Smells also remind me of Agnes's house, two in particular. Ivory soap was always used in the bathroom, something we didn't buy at home, so was uniquely connected to Agnes for me. Mom would always buy whatever was cheapest, so I'm guessing Ivory wasn't. I loved that smell. I also loved the smell of copper. Uncle Larry had a bowl of pennies out on the (winterized) porch which was "his" area, the spot he could smoke his cigars. Money was precious, and this was the first time I was ever allowed to play with it. I would spend hours pouring over those pennies, sometimes counting them, sometimes setting them out in different patterns on the rug. I don't know that we ever talked much, but he didn't mind my being there. By that time he was a retired cop, with arthritis in his hands so bad that his fingers were bent to the sides at such an angle that the hands were nearly useless. Years later he had surgery to straighten them, but within a year or two they were bent back again.

The house itself was huge to me. It sat on the corner of 28th street a block off Hennepin. A basement front entrance led to the apartment my grandmother lived in. It was very quickly made plain to me that I wasn't welcome to just pop in and visit. This was, after all, her personal space, consisting of a living or sitting room in front, and a bedroom in back. The rest of the basement was unfinished, containing the laundry area available to all. The main floor had a living room, porch made part of the house, dining room, full kitchen, and two long hallways. One led off to the right to my cousin Ronnie's room. I think I was allowed to see that about twice. The other led to the left, first to the bathroom, and then to a pair of bedrooms, one for Larry and Agnes, the other for my cousin Marilyn. She had twin beds in her room, and I slept in one. One of the many things I learned that year was how to make my own bed. I was so proud of having done it well, my cousin "allowed" me to make hers as well, every day. (Most mornings she was running late in a hurry to get to the high school a block away.) It was probably the one thing that made up for her losing her private room to a pesky young cousin. Thinking back, I'm sure there had to be a nursery area, but it, again, was strictly off limits, and I have no memory of it.

The living room was memorable for two other things. Agnes had a large bowl of seashells. Occasionally I was allowed to carefully take them out, look at them, and play with them much as I did the pennies. Of course, I had to neatly put them away again every time. No messes were allowed. It is also where I remember Heidi, their dachshund, being. She probably had the run of the house, but my memory always puts her in the living room. The reason for that is, every time somebody from outside came into the room, she got so excited she peed on the rug. Every time!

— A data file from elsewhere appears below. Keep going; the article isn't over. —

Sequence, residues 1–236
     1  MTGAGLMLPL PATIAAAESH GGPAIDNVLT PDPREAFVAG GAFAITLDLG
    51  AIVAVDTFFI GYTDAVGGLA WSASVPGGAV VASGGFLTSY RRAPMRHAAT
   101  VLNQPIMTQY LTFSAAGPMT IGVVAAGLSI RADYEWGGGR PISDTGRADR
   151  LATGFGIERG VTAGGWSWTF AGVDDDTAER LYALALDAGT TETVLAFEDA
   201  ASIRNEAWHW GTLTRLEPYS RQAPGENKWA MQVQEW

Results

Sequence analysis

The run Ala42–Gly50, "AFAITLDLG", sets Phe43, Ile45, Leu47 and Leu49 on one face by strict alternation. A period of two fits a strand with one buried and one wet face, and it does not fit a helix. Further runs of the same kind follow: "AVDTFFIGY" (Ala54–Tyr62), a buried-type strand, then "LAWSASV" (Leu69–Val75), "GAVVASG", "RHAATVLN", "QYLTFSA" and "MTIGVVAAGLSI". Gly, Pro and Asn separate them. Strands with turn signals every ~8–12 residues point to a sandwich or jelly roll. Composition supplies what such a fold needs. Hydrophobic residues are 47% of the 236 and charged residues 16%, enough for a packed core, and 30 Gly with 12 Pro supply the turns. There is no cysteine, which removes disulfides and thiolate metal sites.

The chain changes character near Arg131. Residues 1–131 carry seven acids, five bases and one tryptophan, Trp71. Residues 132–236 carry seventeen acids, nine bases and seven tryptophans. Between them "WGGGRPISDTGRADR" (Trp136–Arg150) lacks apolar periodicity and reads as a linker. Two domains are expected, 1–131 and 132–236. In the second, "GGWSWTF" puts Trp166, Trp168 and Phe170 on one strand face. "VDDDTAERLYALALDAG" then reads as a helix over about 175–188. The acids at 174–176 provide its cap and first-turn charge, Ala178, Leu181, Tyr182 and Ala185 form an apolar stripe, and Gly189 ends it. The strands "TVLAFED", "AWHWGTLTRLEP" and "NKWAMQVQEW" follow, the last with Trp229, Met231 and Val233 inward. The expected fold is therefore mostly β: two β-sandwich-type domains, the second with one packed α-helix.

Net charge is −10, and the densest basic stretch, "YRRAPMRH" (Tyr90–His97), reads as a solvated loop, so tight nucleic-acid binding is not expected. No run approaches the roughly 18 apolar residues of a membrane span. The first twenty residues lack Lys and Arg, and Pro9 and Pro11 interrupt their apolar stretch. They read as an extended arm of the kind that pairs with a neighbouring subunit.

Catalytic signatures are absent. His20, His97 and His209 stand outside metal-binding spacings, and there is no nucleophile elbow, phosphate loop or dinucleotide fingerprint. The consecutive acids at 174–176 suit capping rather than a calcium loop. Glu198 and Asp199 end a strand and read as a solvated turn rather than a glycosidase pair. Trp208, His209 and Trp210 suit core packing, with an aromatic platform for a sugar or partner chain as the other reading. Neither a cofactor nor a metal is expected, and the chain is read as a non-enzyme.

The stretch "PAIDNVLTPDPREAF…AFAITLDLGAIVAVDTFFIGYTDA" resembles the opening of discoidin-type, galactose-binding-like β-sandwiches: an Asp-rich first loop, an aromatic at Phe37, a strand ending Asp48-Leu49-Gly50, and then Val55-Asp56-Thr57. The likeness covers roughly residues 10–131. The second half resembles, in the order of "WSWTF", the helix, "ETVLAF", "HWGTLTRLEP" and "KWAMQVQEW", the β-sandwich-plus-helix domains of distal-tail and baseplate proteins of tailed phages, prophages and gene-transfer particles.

Around the back was a stairway up to the third floor, another place I was forbidden to go. It held rooms where working girls boarded, usually holding secretarial positions which didn't pay enough to allow them anything better. This was a safe and reputable home for them until they got married, the typical expectation in those days.

Agnes taught me how to write my name - my first introduction to letters. She also quickly corrected my ignorance about how to tie my shoes. I'm sure there were lots of other things, all aimed at making me as independent as a five-year-old could be. We never talked about why I was there, or how long I'd stay. I just was. I was part of the family as long as I was there, and all my memories are happy ones, at least around Agnes.

Grandma was another story. Of course she was my Grandma, and I loved her in a remote kind of way the way a child does a relative they don't know well but are supposed to love. But we did have one argument. I was playing outside in their tiny yard with my doll. On this particular day, I hadn't dressed my doll with underpants. Grandma very emphatically scolded me, telling me the doll was disgraceful, and insisting I go right away and find her pants and put them on her before I could be outside playing with her again! I didn't get it. After all, it was just a doll. She had nothing to show off but smooth plastic, so what was the big deal? But Grandma insisted, and when I tried to complain at the unreasonableness to Agnes, she backed her up. I had to go get those pants.

Once I left their house, Aunt Agnes became just another of my many aunts and uncles to me. We'd see each other at family get-togethers, parties, funerals, what have you. My generation grew up, married, left home, but my folks stayed close to her (Larry had died early). Then about 15 years ago I was invited by my folks to go visit her in the nursing home in Hopkins. Her son had placed her in there and then moved down to Arizona. Apparently, she needed more care than living alone provided, and he was no longer available to provide it. So in she went, probably the most able and lucid of the many residents for many years. Her neighbors, and especially her roommates, were no kind of company for the most part, and she made friends with the staff. While she was still capable, she also assisted with fellow residents, caretaker to the end.